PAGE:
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Protein Mythology... get the Facts!

[Part-2: The Dukan Diet]

One common tactic in fad-diet books is to attach various notions (false claims, baseless theories, etc.) to a valid piece of scientific information.

A consistent thread of this sort you will find among high-protein/low-carb diet books has to do with the fact that protein takes more calories to process than other calorie-containing macronutrients (carbohydrates, fat, and alcohol).

Dr. Dukan writes on page 19 of his best seller (The Dukan Diet), “the specific dynamic action of proteins is 30% while it is only 12% for fats and just 7% for carbohydrates.”

On page 21 of The 17-Day Diet, Dr. Moreno writes that “Digesting protein takes more energy (calories) than digesting carbs or fat does…”

The argument that these fad-diet authors attempt to put forth is that there is a metabolic-caloric advantage secondary to high-protein intakes. Not really.

As I have noted in earlier blogs (...Protein for Healthy Weight Loss), adequate protein intake is not just important but critical in order to maintain both your bone mineral density and lean body mass while following a reduced-calorie intake. Additionally, protein offers the very real advantage of keeping hunger at bay longer between meals.

You won’t however find a bullet point in my list of protein’s attributes that mentions that processing it burns more calories, despite the fact that processing protein does burn more calories than metabolizing “carbs,” fat, or alcohol. So, why the omission?

Before I go into the details of explaining why, we need to pause for a definition.

Thermic Effect of Food (TEF) refers to the energy (calories) required to metabolize energy-containing nutrients (protein, carbohydrates, fat, and alcohol). An older out-dated term for TEF is “Specific Dynamic Action” (SDA). Your daily total energy expenditure consists of TEF, resting metabolic rate and physical activity.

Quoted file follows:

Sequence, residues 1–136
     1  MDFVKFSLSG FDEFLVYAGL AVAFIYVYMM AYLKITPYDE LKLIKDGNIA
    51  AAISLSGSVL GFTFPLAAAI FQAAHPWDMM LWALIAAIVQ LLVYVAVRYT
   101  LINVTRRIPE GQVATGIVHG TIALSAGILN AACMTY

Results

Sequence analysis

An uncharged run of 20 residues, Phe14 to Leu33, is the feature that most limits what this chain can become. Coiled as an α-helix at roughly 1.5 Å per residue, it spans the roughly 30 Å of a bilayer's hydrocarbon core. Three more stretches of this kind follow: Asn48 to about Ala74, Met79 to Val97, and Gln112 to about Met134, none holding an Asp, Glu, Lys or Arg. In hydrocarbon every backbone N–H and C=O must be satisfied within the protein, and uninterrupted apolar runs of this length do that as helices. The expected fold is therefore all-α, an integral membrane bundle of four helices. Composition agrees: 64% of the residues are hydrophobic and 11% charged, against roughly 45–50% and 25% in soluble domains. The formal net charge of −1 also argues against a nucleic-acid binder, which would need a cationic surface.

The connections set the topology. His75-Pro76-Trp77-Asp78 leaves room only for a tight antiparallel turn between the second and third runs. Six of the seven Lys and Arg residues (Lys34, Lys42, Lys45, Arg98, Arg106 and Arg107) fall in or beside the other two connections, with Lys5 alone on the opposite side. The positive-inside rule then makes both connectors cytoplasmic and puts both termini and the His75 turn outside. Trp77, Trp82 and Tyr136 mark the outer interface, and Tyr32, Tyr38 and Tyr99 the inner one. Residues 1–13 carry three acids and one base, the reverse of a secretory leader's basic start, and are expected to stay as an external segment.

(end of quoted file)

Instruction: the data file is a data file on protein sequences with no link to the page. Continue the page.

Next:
Protein does have the highest TEF with the cost of a) protein synthesis, b) gluconeogenesis (conversion of certain proteins to glucose), and c) urogenesis (making urea out of protein byproducts) amounting to 25% of the protein calories ingested. Meanwhile the cost turning carbohydrates into glycogen (and storing in your muscles or liver) costs only 7.5% of “carb” calories, and finally, storing ingested fats costs just 2.5% of fat calories.[1], [2], [3]

Please note that the numbers for TEF that I have just stated are averages identified by experts in this topic. While there is a wide variability in the TEF of different sources of both protein and carbohydrate, Dr. Dukan’s numbers, in the earlier quote, are not correct averages. In fact, his number for the TEF of fat simply appears to be a typo.

At first glance it would seem that the cost of metabolizing protein--on a high-protein diet--should provide a significant advantage. The fact is however that the magnitude of increased TEF on low energy diets doesn’t amount to anything of practical significance. Take a look:

The above chart compares the TEF of a high-protein, high-carbohydrate (CHO), and "balanced" 1,400-calorie diet. The TEF of the high-protein distribution is just 38-calories higher (per day) than the high-carbohydrate diet, and just 33-calories (per day) higher than the balanced diet. It would take around a 100-days to lose one additional pound based on that difference. Not only that, but if you have any experience dieting you know the chances of sticking to a highly-restrictive-regime for 100-days is also pretty slim. This is why the higher TEF of protein is essentially a mute point, not of practical significance, as Golay notes based on his data on this topic, "The relevance of TEF on low-energy diets must be questioned."[4]

That said, the above high-protein distribution looks more like South Beach, or The Zone, than Dukan. Nonetheless, go ahead and crunch the numbers. Even using the Dukan Attack and Cruise Phases you still won't be impressed at what little there is to be gained for your (extraordinary) efforts.


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*Calculation based on above stated average TEF values: 25% for protein, 7.5% for carbohydrates, and 2.5% for fat.[2]

[1] Stubbs RJ, et al. Annals of the New York Academy of Sciences 1997;819:44-69.
[2] Hall KD. Am J Physiol Endocrinol Metab. 2010;298:E449-E466.
[3] Kinabol JL, et al. Br J Nutr 1990;64:37-44.
[4] Golay A. Am J Clin Nutr 1996;63:174-178.

Reader Comments (2)

Excellent post and review!

July 31, 2011 | Unregistered CommenterSylvia White RD

Thank you, Sylvia!

August 1, 2011 | Registered CommenterDorene Robinson RDN CDN

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